Swine Dysentery disease is common in pigs that are just weaned from the
sow and severe cases can be seen in the sow and piglets just
after birth. This disease is caused by bacteria called
Brachyspira Hyodysenteriae. These bacteria are transferred
through feces. If a pen is not properly cleaned when needed
an outbreak of this particular disease can occur. Dysentery
can also be transferred from rodents to swine.
The bacteria will survive in the feces for over two months
in cold, moist conditions but dies quickly in warm dry
conditions. It spreads through the pig herd slowly and will
incubate in the pig anywhere from a week to two weeks. If a
pig survives swine dysentery it is unlikely that it will get
it again having developed a low-grade immunity to it.
The disease usually causes a reduction in weight gain, a
reduction in feed conservation and efficiency, mucousy
diarrhea often with blood in it, twitching of tail, staining
of the area around the anus, dehydration and possibly death.
What happens to the pig when it gets Swine Dysentery is that
this particular bacteria infects the large intestine, making
it swell up and become irritated and causing mucousy
diarrhea with blood in it.
If you see that your pig's stool has become watery with
mucus and its body is black with irritation around the anus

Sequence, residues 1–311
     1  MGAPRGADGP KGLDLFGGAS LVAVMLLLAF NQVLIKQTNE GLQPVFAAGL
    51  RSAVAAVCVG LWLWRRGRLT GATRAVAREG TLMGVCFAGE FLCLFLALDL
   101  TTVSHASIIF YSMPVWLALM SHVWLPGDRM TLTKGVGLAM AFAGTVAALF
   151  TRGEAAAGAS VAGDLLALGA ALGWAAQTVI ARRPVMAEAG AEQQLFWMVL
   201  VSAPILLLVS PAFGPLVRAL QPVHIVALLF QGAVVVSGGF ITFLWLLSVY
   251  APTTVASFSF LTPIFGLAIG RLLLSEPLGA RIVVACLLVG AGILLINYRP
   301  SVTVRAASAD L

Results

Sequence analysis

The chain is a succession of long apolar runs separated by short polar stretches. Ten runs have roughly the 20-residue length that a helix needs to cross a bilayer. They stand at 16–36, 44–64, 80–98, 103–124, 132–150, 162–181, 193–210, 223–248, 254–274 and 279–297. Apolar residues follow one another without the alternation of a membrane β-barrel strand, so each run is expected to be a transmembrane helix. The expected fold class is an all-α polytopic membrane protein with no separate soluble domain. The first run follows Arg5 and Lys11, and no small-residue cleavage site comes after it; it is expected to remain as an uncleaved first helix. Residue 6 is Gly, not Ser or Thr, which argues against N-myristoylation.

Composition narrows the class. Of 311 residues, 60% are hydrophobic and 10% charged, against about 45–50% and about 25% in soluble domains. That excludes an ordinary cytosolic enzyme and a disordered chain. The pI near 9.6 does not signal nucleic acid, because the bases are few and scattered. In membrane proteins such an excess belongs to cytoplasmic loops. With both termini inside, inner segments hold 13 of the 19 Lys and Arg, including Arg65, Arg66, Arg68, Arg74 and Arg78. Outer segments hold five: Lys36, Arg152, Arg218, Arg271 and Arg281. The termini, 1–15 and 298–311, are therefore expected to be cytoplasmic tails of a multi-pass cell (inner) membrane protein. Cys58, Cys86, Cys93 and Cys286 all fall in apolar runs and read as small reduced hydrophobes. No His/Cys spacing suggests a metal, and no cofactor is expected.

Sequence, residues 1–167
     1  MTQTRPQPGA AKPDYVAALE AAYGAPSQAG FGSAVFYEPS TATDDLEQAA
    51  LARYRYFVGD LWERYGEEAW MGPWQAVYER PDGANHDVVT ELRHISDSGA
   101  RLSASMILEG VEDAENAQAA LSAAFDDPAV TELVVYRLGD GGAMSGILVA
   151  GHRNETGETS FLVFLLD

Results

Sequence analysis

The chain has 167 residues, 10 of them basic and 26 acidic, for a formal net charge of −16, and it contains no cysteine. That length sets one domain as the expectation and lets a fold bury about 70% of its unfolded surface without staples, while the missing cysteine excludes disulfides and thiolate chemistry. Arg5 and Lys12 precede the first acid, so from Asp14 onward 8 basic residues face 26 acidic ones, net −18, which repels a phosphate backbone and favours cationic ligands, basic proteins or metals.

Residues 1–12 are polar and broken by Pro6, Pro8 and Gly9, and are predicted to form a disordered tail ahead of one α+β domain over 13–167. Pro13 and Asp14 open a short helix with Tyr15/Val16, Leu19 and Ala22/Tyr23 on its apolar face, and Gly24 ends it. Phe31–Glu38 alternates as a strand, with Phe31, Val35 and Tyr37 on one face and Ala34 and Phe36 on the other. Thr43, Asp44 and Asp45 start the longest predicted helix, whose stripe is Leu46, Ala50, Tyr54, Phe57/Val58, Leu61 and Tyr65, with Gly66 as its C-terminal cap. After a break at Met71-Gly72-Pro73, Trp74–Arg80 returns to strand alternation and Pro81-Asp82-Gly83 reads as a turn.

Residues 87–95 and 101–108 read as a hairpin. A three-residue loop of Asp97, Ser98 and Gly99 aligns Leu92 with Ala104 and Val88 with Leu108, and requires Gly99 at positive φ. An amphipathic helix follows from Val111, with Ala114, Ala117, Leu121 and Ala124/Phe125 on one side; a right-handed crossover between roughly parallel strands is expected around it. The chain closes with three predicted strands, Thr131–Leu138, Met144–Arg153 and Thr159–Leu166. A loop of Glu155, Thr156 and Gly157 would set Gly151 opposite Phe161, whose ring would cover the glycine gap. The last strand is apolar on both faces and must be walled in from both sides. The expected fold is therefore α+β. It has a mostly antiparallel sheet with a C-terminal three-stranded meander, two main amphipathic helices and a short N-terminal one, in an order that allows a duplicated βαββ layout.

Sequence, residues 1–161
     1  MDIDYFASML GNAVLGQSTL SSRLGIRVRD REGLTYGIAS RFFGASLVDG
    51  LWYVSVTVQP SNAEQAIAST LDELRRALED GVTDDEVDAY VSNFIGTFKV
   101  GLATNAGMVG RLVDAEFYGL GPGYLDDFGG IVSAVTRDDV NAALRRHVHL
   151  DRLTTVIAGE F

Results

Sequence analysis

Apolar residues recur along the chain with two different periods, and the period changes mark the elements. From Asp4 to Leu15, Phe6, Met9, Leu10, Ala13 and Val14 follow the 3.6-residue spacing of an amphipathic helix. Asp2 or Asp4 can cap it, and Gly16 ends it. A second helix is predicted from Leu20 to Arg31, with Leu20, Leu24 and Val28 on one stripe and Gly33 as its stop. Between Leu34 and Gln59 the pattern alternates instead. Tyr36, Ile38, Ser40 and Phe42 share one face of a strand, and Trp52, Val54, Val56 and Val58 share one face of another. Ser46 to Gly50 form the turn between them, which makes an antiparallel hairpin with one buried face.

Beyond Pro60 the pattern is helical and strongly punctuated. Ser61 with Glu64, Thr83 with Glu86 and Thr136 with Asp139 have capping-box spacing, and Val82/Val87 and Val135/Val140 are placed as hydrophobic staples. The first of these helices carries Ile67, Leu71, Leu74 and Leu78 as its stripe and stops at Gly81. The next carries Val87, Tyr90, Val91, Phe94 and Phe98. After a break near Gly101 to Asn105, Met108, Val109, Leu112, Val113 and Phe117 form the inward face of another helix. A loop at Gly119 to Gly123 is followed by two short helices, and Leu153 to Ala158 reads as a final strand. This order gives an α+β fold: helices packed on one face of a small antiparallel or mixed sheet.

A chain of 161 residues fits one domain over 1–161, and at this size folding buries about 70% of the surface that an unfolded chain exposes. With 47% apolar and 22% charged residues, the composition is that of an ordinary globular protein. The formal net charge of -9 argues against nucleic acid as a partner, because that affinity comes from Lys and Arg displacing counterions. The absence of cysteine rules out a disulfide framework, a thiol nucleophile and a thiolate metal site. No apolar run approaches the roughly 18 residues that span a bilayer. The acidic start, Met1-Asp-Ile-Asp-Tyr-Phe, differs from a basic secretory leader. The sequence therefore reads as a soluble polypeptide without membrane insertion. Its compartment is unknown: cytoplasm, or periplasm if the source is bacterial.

take it to the veterinarian immediately. The only way to
fight Swine Dysentery is through antibiotics, and the
disease has become fairly resistant to antibiotics so it may
a problem for a while before the antibiotics and the pig's
body win over the bacteria. You will also have to have your
other swine checked for the disease as well.
You will then have to improve the conditions in which your
pigs live. Reduce stock density and be sure to properly
clean and maintain their pens daily. This disease is only
spread through a pig eating an infected pig or rat feces, so
controlling your pig's environment and keeping it sanitary
will help cure the problem and prevent it from happening
again. Be sure that when you purchase a pig it is checked
out by a veterinarian for disease and quarantined for a few
weeks before you introduce it into your pig herd.
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